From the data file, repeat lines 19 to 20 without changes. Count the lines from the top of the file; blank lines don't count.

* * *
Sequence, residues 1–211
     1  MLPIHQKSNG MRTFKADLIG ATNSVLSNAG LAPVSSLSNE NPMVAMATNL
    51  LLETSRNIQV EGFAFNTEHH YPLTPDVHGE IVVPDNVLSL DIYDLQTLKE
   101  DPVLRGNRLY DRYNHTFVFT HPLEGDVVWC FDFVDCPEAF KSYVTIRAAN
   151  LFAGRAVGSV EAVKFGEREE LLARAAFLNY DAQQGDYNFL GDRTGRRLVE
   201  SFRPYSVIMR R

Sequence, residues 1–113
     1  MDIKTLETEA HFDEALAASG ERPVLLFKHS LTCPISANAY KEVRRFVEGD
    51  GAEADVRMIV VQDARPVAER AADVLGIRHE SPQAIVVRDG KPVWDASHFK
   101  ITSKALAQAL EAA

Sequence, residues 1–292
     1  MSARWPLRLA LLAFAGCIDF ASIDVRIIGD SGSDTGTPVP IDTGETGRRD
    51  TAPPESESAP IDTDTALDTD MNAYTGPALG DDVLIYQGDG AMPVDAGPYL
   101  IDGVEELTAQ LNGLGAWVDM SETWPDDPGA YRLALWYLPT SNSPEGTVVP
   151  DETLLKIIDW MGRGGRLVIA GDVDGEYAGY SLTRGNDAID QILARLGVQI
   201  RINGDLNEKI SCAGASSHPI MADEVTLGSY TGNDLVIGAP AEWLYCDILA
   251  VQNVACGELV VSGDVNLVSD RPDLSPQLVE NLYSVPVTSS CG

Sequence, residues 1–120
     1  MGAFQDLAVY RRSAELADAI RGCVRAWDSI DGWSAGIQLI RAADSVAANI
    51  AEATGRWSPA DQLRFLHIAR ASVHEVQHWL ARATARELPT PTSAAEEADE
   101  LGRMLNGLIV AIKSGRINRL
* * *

     1  MGAFQDLAVY RRSAELADAI RGCVRAWDSI DGWSAGIQLI RAADSVAANI
    51  AEATGRWSPA DQLRFLHIAR ASVHEVQHWL ARATARELPT PTSAAEEADE